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I'm about to switch to Chromium and I installed a couple of extensions. Each time I installed an extension I was notified of which data the extension has access to, e.g.:

enter image description here

I do understand that access to that data is necessary for the extension to work, yet I'm a bit worried that such an extension might one day decide to update and steal ("phone home") all my browsing data.

Another example of a scary message (when enabling extensions for incognito windows):

Warning: Chromium cannot prevent extensions from recording your browsing history. To disable this extension in incognito mode, unselect this option.

Is that a possible threat when using popular Chrome extensions? It's a bit scary to have to trust another party for each new function you add to the browser.

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A related question on Stack Overflow: stackoverflow.com/questions/249106/… –  LeopardSkinPillBoxHat Jun 26 '11 at 10:15

2 Answers 2

up vote 24 down vote accepted

You are forgetting the following:

The more popular an extension is, the smaller is the chance of nobody noticing that the add-on does something harmful.

In contrast to that, if you install some extension that nobody else has used before, you risk more than, let's say, installing AdBlock. Considering that so many people are using it, it is almost safe to say: Someone would have noticed unusual traffic.

In fact, all extensions disclose their source code, so anybody could basically go ahead and look for anything suspicious themselves.

The warnings are just there so you can't blame the browser vendors for any damage done, in case you install something that goes rogue with your data. Always read the reviews of add-ons that look suspect to you before installing them.

Also note that, for example Google can check the submissions:

While Google is not obligated to monitor the Products or their content, Google may at any time review or test your Products and their source code for compliance with this Agreement, the Google Chrome Web Store Program Policies, and any other applicable terms, obligations, laws, or regulations, and may use automated means to conduct such review

Removal of an extension can of course cause some trouble to the developer.

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So extensions could collect and send back my data, but it's less likely with popular ones as the source code is available to the public. –  htorque Jun 25 '11 at 13:08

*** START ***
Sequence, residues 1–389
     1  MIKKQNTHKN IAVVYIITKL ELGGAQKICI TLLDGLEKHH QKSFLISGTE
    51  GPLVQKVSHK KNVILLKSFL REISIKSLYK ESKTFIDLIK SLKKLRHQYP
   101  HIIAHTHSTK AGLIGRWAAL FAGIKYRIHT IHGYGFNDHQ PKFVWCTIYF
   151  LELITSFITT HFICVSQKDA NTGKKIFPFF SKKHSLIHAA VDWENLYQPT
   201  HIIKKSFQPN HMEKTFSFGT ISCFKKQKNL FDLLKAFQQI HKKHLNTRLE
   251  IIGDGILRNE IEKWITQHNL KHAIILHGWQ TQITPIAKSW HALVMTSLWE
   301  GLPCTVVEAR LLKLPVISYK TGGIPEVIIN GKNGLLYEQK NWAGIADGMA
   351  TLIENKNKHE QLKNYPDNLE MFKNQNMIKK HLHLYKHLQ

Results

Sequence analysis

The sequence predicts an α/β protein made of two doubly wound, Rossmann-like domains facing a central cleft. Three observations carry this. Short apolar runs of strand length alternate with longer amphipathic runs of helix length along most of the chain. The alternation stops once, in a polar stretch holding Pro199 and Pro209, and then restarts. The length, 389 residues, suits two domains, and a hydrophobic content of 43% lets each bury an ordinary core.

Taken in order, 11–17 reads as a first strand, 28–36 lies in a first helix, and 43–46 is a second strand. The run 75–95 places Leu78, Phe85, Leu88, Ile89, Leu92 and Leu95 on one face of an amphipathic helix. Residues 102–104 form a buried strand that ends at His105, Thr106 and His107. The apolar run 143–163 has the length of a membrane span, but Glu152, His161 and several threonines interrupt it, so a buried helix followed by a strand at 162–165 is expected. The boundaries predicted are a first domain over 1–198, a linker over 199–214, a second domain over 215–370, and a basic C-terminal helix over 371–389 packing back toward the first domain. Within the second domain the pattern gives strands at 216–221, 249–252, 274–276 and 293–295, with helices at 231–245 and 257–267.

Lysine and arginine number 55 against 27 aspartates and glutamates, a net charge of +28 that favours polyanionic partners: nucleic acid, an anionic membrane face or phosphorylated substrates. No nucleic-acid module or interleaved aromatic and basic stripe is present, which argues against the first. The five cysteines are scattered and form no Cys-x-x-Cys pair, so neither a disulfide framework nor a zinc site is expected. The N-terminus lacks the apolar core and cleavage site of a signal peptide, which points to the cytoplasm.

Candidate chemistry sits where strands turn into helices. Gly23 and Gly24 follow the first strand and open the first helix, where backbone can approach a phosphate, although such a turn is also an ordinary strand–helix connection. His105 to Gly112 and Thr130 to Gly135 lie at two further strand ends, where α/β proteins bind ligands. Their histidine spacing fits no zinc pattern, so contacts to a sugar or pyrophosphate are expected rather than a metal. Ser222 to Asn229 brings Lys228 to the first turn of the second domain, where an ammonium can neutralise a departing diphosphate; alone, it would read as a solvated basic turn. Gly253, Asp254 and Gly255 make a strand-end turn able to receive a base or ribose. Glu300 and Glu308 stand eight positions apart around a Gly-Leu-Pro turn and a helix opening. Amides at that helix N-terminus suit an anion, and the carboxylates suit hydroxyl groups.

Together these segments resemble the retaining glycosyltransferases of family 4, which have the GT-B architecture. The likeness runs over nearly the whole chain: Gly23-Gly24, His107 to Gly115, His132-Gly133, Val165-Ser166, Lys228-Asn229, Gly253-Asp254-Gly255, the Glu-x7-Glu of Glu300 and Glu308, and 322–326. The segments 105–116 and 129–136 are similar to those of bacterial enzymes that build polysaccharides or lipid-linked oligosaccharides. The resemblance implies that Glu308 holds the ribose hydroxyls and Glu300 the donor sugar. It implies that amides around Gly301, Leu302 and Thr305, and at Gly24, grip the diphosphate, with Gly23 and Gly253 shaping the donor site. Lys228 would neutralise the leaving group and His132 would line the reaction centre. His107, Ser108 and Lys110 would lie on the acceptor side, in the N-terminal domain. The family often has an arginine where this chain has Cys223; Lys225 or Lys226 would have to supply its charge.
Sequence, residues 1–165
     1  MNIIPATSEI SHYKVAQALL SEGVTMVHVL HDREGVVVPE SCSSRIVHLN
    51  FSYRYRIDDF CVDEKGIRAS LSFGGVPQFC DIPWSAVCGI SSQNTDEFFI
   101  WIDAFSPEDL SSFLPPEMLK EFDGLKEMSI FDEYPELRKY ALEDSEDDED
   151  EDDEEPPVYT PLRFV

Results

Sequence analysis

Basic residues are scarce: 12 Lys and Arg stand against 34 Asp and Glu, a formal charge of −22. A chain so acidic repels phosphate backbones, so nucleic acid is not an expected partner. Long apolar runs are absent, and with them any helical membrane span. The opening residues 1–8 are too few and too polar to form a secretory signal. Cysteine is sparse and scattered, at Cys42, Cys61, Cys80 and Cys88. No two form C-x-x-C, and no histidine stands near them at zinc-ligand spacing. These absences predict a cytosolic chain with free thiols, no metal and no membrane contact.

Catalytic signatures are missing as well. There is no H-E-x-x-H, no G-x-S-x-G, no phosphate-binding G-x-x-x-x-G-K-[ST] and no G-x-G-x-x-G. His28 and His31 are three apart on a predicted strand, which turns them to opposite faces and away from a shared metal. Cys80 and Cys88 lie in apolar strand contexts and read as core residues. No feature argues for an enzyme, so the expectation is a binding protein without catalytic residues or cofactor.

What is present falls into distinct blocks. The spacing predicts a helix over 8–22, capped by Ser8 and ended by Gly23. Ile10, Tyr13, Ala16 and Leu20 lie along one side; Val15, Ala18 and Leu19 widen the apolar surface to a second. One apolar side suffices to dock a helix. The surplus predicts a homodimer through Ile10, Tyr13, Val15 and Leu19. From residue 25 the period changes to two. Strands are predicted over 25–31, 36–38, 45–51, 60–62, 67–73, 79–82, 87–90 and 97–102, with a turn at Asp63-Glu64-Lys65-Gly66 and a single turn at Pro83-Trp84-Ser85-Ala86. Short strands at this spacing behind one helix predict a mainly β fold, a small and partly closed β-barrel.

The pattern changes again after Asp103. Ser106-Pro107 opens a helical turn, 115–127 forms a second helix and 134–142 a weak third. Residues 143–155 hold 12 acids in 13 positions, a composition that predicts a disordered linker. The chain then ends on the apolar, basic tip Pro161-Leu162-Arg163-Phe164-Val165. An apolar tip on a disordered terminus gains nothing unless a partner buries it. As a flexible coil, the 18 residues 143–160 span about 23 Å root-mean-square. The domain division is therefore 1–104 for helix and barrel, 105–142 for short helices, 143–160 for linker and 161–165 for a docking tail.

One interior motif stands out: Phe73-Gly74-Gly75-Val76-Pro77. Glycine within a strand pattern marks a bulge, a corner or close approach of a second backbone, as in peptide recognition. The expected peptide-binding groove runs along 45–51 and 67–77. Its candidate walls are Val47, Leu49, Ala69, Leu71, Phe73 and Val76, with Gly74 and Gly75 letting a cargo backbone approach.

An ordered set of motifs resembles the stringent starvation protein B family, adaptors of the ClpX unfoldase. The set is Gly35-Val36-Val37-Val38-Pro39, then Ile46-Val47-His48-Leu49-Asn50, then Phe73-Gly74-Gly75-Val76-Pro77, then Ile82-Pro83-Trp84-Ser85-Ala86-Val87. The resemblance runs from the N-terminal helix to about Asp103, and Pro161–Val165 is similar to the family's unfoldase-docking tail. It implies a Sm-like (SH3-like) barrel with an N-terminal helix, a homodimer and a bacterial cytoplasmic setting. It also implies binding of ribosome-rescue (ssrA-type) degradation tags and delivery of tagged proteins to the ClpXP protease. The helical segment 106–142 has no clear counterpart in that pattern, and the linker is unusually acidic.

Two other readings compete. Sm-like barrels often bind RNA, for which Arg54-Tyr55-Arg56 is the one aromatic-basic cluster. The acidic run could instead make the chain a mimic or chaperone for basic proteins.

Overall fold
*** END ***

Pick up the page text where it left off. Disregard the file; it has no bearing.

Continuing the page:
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@htorque An extension could do that, yes -- but given the nature of things, if there are more people to watch out, the chances of something bad happening are lower. –  slhck Jun 25 '11 at 13:11
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There might be "legitimate" reasons for them to send data back to their servers. In which case, it's unlikely to be big news if someone finds out they do. –  Stefano Palazzo Jun 25 '11 at 14:34
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@Stefano That is of course right. Hey, some extensions wouldn't even work without that. –  slhck Jun 25 '11 at 14:44
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Yes, more eyes is usually better. Unfortunately, it also means that the more people use it, the more people will assume that someone else will take care of checking it, and not do so themselves, which then results in an inflated and artificial sense of security. :-( –  Synetech Jun 30 '11 at 1:55

It's a tough risk-assessment to try to do. Popularity brings two things:

  • More people trying to improve it (spotting bad code)
  • More people trying to hack it (and introduce bad code) to attack a bigger userbase

Let's assume for these examples we're talking about an open source project with code hosted in something like github.

If something has one developer, that's just one person checking in code. If somebody (not the developer) wants to add code to that, they either need to fool the developer into adding a malicious patch (it happens), or target that developer's authentication so they can add the code themselves (also happens). The chance of either of these happening depends on the ability of the developer and their security.

If there are 10 developers, there are 10 times as many attack vectors. But also 10 times as many people that might spot the code.

I'm sure there's a point in a project where it gains enough momentum to have people performing regular security audits on its code. But at any time before that, it's swings and roundabouts.

tl;dr There are too hard to realistically work out. There are too many human elements. If it matters, don't trust it unless you can verify the code yourself.

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+1, also a very nice explanation. –  slhck Jun 25 '11 at 13:12
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Well, I already trust hundreds of kernel hackers... it's just weird to 'invest' trust into additional third parties for simple browser functions like mouse gesture support (why does such an extension get the possibility to contact the outside world in the first place?). –  htorque Jun 25 '11 at 13:13
    
Oli’s second point is exactly why Linux and Mac users’ insistence that their platforms are superior and safer to Windows is wrong. Most hackers don’t bother hacking Linux or Mac because there is not enough reward in doing so. If there were, then the number of exploits would explode (maybe not as high as Windows, but still…) It’s the same with any software, including extensions. The more popular it is, the more incentive there is to hack it. (Just look at the increasing number of Facebook/Twitter/etc. hacks.) –  Synetech Jun 30 '11 at 1:58

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